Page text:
Droplets created by speech could contribute to COVID-19 spread, new study suggests – Physics World


SARS-CoV-2 virions
Speech bubbles: electron micrograph of SARS-CoV-2 virions, which are the cause of COVID-19. (Courtesy: NIAID-RML/CC BY 2.0)

Droplet clouds emitted during 1 min of loud speech by an individual infected with the SARS-CoV-2 virus could contain more than 1000 virus particles – according to new calculations done by scientists in the US. This work, alongside observations that these speech-generated droplet clouds persist in a confined space for 8-14 min, supports suspicions that COVID-19 may be transmitted when infected individuals speak.

The piggybacking of viral particles (virions) in droplets generated by coughing and sneezing is a recognized route of respiratory virus transmission. However, the role of fluid droplets emitted during speaking is less-well known. Given the current COVID-19 pandemic, this spoken transmission route is attracting considerable attention, particularly in relation to spread from asymptomatic carriers.

Philip Anfinrud and Adriaan Bax’s biochemical physics teams at the National Institute of Diabetes and Digestive and Kidney Diseases (NIDDK) (part of the National Institutes of Health) in Bethesda, Maryland recently made high resolution visualizations of droplets produced when a person speaks. This work is described in the New England Journal of Medicine, where the researchers write, “This direct visualization demonstrates how normal speech generates airborne droplets that can remain suspended for tens of minutes or longer and are eminently capable of transmitting disease in confined spaces”.

Visualizing saliva spray

To observe droplets after they are produced by speech, the NIDDK teams used a laser and optics visualization system. The droplets were created by having a person repeat the phrase “stay healthy” several times (with short delays in between) into the “speaker port” of a cardboard box and then capturing the crossing of the droplets through a sheet of intense laser light. The high sensitivity of the system enabled the teams to detect small droplets, 20-100 micron in diameter, and so record a higher volume of droplets than previous studies.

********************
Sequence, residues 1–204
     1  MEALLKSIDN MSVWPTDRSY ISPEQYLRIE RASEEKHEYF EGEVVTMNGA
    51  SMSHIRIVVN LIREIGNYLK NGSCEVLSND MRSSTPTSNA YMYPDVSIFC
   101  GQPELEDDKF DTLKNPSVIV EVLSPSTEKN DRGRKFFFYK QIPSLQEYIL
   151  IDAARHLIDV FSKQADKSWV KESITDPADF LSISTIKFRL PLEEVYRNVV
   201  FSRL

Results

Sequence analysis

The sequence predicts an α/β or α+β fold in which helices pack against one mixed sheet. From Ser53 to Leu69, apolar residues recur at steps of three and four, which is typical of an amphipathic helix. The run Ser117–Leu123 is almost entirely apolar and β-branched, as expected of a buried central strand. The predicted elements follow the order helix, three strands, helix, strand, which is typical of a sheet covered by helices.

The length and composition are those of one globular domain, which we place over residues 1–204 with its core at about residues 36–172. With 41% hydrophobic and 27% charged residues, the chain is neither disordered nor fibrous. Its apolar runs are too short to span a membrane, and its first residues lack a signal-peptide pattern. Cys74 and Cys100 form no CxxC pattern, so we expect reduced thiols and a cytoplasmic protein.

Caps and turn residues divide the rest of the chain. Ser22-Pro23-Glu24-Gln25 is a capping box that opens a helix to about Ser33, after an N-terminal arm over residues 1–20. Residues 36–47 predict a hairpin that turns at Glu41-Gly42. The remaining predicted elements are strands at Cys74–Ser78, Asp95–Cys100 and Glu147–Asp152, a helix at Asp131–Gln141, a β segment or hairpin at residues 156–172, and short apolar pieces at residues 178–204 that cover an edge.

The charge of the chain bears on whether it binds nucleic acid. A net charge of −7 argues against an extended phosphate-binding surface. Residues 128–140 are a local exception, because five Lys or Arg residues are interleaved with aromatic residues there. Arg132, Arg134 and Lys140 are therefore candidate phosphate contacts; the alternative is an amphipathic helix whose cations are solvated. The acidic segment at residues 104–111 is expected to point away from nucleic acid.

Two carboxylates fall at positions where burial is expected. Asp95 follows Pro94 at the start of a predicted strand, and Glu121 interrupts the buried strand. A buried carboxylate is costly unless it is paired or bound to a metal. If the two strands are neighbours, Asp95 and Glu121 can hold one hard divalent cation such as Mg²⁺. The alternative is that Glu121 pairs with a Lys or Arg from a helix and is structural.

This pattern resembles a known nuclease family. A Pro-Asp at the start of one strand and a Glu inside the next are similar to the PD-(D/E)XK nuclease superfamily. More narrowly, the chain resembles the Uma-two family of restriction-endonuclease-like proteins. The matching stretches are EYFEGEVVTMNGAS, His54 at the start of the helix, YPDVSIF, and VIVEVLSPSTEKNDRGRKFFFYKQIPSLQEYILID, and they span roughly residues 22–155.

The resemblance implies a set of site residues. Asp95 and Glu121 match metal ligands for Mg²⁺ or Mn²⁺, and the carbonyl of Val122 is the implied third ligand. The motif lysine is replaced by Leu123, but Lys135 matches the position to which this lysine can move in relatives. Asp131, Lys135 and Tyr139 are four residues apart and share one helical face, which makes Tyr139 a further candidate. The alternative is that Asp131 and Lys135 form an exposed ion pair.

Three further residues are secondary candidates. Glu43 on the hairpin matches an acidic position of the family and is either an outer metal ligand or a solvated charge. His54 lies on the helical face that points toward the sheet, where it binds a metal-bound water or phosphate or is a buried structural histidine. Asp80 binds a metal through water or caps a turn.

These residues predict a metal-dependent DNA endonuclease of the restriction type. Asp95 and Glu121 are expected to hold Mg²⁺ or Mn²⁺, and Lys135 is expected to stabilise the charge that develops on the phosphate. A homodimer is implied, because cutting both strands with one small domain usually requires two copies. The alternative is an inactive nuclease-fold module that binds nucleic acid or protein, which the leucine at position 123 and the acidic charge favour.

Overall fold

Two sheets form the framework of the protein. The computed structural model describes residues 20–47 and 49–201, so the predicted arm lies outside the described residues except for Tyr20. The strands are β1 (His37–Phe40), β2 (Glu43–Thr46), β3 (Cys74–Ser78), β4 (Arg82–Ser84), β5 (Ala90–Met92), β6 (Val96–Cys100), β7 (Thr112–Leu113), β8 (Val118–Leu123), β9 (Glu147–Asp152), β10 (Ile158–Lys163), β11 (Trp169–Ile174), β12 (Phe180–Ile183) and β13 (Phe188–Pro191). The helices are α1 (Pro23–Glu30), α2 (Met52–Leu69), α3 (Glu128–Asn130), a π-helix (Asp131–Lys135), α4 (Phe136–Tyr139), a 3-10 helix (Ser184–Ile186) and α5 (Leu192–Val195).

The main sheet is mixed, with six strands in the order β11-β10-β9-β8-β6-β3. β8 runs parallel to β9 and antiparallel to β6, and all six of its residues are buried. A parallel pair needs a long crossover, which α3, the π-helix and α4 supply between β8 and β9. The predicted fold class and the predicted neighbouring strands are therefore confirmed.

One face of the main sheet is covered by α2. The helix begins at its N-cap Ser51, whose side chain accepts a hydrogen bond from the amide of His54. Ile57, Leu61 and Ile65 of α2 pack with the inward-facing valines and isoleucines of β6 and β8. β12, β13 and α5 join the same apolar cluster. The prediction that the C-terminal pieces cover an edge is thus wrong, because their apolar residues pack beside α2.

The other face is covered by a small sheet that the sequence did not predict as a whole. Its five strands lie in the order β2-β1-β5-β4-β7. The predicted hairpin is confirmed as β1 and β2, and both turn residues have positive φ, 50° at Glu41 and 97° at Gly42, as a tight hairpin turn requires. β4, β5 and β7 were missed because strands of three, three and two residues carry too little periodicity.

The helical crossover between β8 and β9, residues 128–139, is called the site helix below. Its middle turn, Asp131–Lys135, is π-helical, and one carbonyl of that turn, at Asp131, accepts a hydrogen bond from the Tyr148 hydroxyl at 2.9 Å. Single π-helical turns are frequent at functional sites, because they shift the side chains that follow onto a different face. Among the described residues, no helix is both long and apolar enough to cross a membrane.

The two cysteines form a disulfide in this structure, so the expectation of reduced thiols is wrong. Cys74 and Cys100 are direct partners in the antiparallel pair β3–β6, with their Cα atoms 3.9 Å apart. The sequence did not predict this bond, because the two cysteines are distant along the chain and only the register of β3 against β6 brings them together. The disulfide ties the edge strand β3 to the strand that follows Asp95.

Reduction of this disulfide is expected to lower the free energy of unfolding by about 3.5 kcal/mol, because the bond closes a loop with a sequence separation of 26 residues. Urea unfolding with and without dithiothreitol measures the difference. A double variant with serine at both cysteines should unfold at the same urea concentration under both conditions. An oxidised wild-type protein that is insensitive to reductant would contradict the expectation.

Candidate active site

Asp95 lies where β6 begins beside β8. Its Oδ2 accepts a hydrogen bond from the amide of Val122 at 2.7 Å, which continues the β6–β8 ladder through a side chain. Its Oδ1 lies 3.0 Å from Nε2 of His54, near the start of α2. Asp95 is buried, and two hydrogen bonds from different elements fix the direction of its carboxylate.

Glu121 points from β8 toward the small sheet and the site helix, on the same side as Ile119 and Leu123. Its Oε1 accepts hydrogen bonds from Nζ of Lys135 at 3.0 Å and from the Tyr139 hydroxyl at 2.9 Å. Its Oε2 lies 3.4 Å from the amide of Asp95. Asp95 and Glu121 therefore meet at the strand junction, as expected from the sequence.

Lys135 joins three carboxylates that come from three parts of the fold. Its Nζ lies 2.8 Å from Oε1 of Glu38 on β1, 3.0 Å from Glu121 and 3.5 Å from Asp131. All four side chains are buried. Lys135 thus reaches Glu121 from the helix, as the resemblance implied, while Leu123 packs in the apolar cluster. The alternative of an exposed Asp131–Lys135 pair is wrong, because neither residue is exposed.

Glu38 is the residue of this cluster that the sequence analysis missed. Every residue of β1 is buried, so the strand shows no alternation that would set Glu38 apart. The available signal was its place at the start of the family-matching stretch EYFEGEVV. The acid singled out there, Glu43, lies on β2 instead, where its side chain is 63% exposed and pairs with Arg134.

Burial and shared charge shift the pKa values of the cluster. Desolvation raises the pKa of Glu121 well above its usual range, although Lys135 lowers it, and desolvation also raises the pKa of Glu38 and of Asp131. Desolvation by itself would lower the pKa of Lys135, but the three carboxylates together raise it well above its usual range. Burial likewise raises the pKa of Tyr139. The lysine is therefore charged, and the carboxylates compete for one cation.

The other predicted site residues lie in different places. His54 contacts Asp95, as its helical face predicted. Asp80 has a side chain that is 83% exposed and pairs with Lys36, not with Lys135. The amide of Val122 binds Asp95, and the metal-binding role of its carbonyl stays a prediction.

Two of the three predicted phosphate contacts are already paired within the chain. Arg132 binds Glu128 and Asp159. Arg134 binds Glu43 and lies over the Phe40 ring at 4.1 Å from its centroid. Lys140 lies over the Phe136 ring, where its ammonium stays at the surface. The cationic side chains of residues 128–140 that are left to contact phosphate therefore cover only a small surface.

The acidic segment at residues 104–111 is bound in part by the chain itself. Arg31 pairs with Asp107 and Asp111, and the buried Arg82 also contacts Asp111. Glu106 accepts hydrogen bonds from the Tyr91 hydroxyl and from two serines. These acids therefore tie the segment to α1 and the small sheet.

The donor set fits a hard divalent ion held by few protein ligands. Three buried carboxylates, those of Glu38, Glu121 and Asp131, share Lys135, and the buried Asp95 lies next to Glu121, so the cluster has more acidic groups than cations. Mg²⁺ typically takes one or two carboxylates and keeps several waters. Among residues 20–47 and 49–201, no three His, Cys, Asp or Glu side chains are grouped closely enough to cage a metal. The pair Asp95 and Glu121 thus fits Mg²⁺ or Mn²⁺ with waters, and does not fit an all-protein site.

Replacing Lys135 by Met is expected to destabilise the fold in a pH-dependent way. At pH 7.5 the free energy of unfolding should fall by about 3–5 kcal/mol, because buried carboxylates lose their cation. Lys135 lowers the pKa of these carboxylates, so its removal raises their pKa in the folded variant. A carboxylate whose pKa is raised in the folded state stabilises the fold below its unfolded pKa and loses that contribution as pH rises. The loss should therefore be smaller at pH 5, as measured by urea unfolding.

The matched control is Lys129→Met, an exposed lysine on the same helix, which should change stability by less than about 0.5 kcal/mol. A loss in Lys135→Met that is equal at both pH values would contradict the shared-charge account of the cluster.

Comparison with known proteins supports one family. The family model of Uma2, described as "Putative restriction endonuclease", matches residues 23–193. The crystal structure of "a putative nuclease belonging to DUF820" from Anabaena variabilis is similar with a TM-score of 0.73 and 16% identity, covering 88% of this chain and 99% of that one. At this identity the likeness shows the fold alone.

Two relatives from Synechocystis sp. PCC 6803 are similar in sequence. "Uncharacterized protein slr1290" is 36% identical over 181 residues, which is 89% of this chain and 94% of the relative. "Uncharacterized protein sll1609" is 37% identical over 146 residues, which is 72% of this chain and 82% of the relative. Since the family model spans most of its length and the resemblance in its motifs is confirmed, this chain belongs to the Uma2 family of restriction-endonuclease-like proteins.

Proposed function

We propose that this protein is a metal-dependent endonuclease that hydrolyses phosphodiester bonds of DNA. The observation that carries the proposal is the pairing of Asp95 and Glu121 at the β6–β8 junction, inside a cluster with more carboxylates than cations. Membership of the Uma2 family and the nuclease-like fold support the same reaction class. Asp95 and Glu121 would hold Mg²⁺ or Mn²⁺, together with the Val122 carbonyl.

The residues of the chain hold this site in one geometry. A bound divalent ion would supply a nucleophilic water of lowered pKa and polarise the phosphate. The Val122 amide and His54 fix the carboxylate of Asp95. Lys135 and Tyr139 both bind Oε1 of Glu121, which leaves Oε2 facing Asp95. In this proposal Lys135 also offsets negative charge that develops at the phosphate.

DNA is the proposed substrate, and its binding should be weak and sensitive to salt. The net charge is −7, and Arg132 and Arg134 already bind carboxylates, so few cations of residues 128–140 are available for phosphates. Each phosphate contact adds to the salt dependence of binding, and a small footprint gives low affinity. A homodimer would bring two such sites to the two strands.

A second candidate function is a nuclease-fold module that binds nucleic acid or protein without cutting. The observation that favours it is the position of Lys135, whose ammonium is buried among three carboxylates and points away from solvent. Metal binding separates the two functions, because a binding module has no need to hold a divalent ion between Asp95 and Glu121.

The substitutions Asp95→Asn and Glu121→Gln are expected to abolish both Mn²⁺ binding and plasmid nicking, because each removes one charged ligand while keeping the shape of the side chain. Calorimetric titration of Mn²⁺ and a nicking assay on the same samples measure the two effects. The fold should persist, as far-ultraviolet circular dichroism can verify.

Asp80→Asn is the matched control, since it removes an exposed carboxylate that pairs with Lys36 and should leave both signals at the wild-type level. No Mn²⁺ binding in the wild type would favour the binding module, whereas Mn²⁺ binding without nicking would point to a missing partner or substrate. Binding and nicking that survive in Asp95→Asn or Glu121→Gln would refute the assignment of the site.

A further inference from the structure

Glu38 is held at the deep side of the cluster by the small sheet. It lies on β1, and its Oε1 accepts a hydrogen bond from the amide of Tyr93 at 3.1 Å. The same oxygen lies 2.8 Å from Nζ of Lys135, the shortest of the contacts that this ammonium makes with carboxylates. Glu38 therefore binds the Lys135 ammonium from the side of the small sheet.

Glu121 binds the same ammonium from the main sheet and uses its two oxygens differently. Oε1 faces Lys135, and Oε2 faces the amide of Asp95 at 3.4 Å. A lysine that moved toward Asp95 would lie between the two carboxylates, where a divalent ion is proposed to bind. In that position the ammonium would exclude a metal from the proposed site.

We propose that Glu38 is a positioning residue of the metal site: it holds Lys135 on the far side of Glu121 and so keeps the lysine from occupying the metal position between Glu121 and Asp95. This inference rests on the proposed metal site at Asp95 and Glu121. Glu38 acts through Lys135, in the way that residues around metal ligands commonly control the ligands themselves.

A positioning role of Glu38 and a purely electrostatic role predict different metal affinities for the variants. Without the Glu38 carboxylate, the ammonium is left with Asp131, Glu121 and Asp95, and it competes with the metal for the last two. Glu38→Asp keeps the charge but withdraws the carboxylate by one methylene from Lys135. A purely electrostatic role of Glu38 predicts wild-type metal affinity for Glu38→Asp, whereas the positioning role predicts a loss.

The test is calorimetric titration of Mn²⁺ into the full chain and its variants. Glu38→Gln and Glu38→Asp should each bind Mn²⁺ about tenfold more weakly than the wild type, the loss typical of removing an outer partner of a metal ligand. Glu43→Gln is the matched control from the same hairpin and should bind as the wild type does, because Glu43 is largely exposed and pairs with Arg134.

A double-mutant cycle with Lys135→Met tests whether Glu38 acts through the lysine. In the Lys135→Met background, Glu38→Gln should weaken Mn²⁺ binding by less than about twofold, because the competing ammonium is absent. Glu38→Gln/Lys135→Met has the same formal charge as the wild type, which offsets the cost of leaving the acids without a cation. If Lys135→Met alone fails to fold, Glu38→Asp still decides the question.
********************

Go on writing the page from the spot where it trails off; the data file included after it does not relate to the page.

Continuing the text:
Now the researchers have quantified those experiments to assess the potential for speech droplets to transmit SARS-CoV-2 viral particles in an enclosed environment. In work described in a PNAS Brief Report, Anfinrud and colleagues used an improved experimental setup to derive quantitative estimates for how long the smallest droplets remain airborne and how many there are.

Careful estimations

The researchers described the droplets using two exponential decay functions, with the top 25% in scattering brightness and the dimmer 75% fraction having exponential decay constants of 8 min and 14 min, respectively.

They used the weighted average decay rate of all droplets to calculate the terminal velocity of the droplets and, given smaller droplets fall at a slower rate (staying airborne for longer), from the velocity they were able to estimate the average fallen droplet size.

The probability a droplet contains a viral particle depends on the initial droplet volume, but evaporation causes a rapid decrease in volume after release from the mouth. The team made shrinkage assumptions based on the relative humidity and temperature of the experimental settings, estimating the initial droplet size to be 12-21 micron in diameter.

The researchers were unavailable for comment, but the NIDDK responded to questions on their behalf.  The NIDDK  told Physics World that the researchers were “surprised to find the enormous number of particles in the 12-20 micron range [as this was far higher than suggested by previous research] that, after drying out and shrinking to about 4 micron, remain airborne for many minutes”.

Finally, to determine the probability a droplet encapsulates at least one virus, the team estimated the total volume of emitted saliva in their experiments, and combined this with data from recent research that shows saliva from a COVID-19 patient contains on average about seven million virus particles per millilitre.

They found that a second of speaking could be expected to generate 17-90 virion-containing droplets.

Substantial probability of transmission

In their latest paper the authors conclude, “These observations confirm that there is a substantial probability that normal speaking causes airborne virus transmission in confined environments.”

Julian Tang, a virologist at the University of Leicester, UK, who has expertise in respiratory viruses and their transmission, comments that this work is a “nice visualization method”. But points out that it would be “even more powerful” if the researchers combined their expertise with other disciplines to quantify live virus transported by speech droplets from COVID-19 infected volunteers.

The NIDDK says that Anfinrud and Bax’s team are building a third-generation laser-scattering apparatus to further address questions regarding speech droplet transmission.

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